The eyes of Anomalocaris

Look with your puny camera eyes! Some new specimens of Anomalocaris, the spectacular Cambrian predator, have been discovered in South Australia. These fossils exhibit well-preserved eyes, allowing us to see that the bulbous stalked balls on their heads were actually fairly typical compound eyes, like those of modern insects.


Anomalocaris eyes from the Emu Bay Shale. a-d, Eye pair, SAM P45920a, level 10.4 m. a, b, Overview and camera lucida drawing. Scale bars, 5 mm. Grey fill in b represents visual surface, the proximal part in the upper eye extrapolated from the lower eye. c, Detail of ommatidial lenses located by horizontal white box in a. Scale bar, 1 mm. d, More complete eye, showing transition between visual surface and eye stalk (white arrows). Scale bar, 2 mm. e, Detail of ommatidial lenses in counterpart SAM P45920b. Scale bar, 0.3 mm. es, eye stalk; I.c., Isoxys communis; us, undetermined structure; vs, visual surface. Tilted white box in a represents area analysed using SEM-EDS.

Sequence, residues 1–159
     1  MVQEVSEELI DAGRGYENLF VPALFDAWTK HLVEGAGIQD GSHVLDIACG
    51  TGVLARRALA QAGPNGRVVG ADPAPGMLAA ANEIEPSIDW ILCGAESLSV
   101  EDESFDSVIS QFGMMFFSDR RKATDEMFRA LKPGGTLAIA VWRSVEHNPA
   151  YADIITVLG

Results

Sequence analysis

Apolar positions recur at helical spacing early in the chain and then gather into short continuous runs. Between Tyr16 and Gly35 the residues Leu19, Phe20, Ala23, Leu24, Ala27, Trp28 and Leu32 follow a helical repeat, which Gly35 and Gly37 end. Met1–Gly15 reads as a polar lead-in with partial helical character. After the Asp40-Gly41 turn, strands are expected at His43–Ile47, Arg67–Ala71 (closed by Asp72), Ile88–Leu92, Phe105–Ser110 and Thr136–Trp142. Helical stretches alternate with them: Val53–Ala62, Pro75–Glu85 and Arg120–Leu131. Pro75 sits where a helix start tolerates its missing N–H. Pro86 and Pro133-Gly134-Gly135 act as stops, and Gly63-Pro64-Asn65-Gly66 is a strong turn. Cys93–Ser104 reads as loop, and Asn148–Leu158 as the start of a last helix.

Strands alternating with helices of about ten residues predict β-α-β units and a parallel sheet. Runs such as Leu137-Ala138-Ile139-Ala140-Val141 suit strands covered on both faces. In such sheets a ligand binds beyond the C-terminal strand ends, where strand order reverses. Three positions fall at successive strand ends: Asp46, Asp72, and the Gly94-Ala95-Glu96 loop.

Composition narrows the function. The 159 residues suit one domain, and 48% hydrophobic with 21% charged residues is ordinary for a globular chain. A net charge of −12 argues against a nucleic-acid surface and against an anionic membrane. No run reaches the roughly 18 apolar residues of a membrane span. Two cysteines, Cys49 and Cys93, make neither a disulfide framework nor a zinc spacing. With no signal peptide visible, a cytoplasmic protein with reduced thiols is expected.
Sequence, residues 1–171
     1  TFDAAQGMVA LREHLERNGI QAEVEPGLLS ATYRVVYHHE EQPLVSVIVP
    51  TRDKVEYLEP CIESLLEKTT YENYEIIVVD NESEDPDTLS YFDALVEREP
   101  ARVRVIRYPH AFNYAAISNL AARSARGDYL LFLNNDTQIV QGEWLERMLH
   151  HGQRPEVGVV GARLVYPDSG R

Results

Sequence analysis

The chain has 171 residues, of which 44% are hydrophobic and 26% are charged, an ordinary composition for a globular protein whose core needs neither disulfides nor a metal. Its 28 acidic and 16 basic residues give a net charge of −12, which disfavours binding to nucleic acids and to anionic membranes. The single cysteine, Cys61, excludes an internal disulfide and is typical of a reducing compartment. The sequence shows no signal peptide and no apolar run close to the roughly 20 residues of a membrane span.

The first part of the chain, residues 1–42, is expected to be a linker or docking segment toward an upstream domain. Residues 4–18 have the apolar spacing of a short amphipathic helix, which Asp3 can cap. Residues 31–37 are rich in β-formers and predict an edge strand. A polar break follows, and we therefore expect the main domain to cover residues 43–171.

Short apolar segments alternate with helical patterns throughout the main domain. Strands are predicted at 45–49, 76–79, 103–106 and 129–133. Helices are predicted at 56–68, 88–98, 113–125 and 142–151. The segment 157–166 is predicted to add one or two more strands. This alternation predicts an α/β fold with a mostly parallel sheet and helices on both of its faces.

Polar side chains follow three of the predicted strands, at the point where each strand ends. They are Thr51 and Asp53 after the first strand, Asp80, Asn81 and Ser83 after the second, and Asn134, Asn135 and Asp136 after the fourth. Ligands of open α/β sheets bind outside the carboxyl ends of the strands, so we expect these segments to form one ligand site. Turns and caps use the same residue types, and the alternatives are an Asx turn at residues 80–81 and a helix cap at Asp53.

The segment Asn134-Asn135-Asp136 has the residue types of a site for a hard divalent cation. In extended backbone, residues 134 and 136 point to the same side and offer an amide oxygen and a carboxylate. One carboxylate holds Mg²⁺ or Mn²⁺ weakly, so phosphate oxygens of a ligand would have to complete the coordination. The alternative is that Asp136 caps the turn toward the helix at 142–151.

The cool part of this discovery: the investigators were able to count the density of lenses and estimate how many were present in the intact eye. The number is 16,000 ommatidia in each eye, which is more than a little impressive: to put it in context, Drosophila has about 800. The emphasis on high-resolution vision suggests that Anomalocaris was diurnal predator in shallow water.

Oh, and just in case you’re one of those strange beings who isn’t instantly familiar with what the anomalocarids looked like, here’s a video to remind you.

Paterson JR, García-Bellido DC, Lee MS, Brock GA, Jago JB, Edgecombe GD (2011) Acute vision in the giant Cambrian predator Anomalocaris and the origin of compound eyes. Nature 480(7376):237-40.

(Also on FtB)